Letter from the Editors
On behalf of the current and future authors and editors, we would like to welcome you to the Faculty Research Spotlight for the University of South Florida – Sarasota-Manatee!
The purpose of the Spotlight is simple – provide the Sarasota and Manatee communities and university stakeholders with regular updates on the breakthrough research conducted and published by the faculty of the University of South Florida – Sarasota-Manatee, frequently in collaboration with our students, in addition to national and international collaborators. Each Spotlight post will include a brief, reader-friendly summary, and a description of potential applications for the research within our community. In addition, if you would like more details on the research, we will provide links to the published paper and author’s USFSM webpage. Although we are unlikely to be able to “spotlight” all of the research being conducted at USFSM – in 2016 alone the faculty had over 70 papers published in peer-reviewed journals and books and cited over 1400 times – we hope you find these posts a valuable resource that you will share with your colleagues, friends, and family. Remember, Breakthrough Research Starts at USFSM.
In an article recently published in the Journal of Management entitled, “Dual Commitments to Organizations and Professions: Different Motivational Pathways to Productivity,” Dr. Tom Becker and colleagues found that the rewards provided by professions (rather than a specific employer) are often internal. For example, attending a professional conference allows attendees to build new skills and to learn about interesting topics. Such rewards are thus “intrinsically motivating.” In contrast, rewards provided by employers are often external. For instance, organizations often reward high performing employees by increasing their pay and promoting them. These rewards are “extrinsically motivating.”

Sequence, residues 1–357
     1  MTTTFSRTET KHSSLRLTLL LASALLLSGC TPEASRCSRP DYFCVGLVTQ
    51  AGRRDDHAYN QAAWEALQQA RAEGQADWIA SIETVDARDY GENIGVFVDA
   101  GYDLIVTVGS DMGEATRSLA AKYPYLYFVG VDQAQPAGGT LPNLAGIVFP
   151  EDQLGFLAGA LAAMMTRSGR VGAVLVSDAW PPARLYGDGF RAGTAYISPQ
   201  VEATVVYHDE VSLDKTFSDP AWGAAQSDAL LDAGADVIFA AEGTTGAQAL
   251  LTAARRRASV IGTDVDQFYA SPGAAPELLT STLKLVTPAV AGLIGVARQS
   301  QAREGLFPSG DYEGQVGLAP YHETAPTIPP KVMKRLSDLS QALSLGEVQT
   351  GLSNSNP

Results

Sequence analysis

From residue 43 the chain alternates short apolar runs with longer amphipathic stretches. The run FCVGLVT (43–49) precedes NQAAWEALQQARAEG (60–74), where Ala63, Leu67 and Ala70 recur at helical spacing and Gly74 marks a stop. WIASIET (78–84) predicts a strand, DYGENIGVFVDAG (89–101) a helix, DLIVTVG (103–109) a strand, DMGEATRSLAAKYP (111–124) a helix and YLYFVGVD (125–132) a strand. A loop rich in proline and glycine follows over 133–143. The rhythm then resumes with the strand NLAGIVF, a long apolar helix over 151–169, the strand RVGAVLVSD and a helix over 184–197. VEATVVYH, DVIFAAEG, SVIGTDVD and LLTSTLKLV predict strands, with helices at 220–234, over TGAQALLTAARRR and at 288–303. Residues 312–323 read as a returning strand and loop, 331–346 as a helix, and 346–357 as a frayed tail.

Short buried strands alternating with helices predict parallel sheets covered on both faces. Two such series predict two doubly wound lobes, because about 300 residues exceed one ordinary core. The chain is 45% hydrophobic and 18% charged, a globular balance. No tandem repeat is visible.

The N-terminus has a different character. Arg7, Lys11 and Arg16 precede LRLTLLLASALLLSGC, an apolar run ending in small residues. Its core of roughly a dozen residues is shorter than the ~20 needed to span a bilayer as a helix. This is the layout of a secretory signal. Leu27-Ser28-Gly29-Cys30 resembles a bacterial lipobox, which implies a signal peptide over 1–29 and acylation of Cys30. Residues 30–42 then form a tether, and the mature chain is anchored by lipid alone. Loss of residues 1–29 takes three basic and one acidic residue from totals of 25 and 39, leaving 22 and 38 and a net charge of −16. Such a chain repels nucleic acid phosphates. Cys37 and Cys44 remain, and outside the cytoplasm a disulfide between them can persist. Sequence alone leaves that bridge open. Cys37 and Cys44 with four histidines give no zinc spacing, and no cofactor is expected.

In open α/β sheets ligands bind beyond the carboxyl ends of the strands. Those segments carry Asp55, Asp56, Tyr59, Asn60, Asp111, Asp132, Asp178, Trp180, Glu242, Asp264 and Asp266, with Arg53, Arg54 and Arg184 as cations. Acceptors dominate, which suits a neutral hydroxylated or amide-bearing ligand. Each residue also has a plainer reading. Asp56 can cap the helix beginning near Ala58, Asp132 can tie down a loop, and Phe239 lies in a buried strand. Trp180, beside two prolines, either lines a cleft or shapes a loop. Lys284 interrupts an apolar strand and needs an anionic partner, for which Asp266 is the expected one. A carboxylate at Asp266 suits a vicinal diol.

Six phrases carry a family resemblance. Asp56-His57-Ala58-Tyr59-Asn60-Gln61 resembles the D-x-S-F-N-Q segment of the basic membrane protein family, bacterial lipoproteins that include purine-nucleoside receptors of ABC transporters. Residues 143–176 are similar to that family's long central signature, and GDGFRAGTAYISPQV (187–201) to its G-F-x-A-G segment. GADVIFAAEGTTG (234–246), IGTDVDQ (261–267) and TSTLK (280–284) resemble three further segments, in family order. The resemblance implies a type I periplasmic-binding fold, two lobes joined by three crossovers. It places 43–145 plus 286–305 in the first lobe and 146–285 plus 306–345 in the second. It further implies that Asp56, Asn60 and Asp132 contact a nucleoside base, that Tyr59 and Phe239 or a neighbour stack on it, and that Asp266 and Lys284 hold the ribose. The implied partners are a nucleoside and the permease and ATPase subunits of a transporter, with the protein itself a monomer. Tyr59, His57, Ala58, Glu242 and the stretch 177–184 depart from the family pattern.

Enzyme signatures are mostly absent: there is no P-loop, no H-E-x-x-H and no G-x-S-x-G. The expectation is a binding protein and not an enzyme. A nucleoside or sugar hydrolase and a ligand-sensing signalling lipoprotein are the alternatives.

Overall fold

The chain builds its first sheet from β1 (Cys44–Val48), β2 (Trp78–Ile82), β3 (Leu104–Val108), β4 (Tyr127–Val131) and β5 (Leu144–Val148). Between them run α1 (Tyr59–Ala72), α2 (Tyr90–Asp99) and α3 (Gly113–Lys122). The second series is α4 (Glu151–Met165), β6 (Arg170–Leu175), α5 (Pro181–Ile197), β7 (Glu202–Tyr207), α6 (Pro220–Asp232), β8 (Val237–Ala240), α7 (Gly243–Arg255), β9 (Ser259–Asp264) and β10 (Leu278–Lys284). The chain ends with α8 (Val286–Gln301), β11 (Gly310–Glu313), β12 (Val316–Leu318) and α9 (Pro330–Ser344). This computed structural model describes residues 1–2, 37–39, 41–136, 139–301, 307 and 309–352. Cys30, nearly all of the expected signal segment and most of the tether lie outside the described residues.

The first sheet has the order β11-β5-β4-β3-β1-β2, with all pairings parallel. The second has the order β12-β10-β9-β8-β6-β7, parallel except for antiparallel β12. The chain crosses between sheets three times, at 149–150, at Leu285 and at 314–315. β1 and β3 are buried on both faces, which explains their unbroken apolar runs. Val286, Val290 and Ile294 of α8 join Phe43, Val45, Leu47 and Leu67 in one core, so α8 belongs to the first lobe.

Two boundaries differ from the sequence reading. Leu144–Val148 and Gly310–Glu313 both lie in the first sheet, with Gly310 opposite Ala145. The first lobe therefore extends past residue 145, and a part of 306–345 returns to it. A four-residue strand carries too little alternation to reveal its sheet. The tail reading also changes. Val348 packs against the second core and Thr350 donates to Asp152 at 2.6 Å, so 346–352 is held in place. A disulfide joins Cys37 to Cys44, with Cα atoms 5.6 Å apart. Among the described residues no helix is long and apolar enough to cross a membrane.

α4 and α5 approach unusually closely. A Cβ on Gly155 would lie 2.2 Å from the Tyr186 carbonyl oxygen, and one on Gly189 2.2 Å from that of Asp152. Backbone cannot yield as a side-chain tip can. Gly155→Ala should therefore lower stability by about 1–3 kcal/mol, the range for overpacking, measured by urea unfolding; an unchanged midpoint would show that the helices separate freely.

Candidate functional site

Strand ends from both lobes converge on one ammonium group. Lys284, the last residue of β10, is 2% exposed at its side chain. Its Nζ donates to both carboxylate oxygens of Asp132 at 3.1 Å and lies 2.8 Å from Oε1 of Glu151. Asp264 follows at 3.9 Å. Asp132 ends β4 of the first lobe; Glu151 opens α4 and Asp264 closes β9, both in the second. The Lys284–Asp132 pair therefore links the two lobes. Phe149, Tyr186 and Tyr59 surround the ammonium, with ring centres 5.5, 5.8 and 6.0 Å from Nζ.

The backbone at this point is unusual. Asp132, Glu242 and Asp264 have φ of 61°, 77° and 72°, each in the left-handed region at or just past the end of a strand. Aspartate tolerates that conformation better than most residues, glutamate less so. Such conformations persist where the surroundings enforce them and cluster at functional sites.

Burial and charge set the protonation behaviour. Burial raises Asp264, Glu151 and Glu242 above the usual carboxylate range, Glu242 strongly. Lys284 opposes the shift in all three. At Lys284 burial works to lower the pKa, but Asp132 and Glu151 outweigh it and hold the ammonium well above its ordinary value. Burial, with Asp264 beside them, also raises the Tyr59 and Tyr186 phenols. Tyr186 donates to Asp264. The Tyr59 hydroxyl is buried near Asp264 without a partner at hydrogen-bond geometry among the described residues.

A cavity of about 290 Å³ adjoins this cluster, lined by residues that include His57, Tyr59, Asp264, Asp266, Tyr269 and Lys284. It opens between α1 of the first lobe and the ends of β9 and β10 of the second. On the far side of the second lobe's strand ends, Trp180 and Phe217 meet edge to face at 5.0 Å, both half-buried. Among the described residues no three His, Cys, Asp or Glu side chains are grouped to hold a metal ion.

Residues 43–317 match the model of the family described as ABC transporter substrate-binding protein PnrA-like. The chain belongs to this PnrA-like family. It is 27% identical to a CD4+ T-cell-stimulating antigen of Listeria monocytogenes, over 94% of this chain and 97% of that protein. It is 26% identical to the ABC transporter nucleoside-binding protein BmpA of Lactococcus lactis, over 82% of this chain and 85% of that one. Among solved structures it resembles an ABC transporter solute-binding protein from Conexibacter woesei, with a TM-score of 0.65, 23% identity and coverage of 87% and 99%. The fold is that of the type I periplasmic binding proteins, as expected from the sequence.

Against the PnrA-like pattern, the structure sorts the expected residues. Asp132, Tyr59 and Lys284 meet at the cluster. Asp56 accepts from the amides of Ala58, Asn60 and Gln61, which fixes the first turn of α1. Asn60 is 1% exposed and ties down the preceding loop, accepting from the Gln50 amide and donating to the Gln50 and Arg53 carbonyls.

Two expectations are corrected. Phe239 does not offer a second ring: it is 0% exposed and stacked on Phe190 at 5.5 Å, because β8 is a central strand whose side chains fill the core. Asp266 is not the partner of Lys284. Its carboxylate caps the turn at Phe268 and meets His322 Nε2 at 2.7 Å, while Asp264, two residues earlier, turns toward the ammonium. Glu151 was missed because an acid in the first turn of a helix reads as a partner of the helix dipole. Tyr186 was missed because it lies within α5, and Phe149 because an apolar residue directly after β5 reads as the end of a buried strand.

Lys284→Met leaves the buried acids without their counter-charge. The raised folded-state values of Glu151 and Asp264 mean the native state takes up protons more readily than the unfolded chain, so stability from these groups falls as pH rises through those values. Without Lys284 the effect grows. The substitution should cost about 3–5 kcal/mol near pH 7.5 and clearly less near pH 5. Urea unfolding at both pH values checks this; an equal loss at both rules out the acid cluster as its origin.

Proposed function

Therefore, we predicted that commitment (psychological attachment) to professions influences productivity through a positive effect on intrinsic motivation and a negative effect on extrinsic motivation, while commitment to organizations is likely to have a negative effect on intrinsic motivation and a positive effect on extrinsic motivation. We tested this idea with a sample of 237 college professors and found that commitment to the profession was positively related to intrinsic motivation to engage in research and, through this effect, resulted in more challenging research goals, increased commitment to those goals, more hours spent on research, and greater research productivity. Commitment to the organization (university) was positively related to extrinsic motivation and negatively related to intrinsic motivation and was unrelated to goal level, goal commitment, hours spent on research, and research productivity.
These findings have several implications for organizations in the Sarasota-Manatee community. First, companies should fan the flames of commitment to professions for their professional employees. In our study, there was no indication that higher commitment to the profession decreased loyalty to the organization, so it appears that organizations that provide more opportunities for involvement in employees’ professions are likely to have better performing workers. In addition, anything that organizations can do to enhance intrinsic motivation in jobs will probably foster greater productivity. For example, enriching jobs through skill variety, greater autonomy in decision making, and providing meaningful feedback should boost intrinsic motivation.
Link to Paper: http://journals.sagepub.com/doi/abs/10.1177/0149206315602532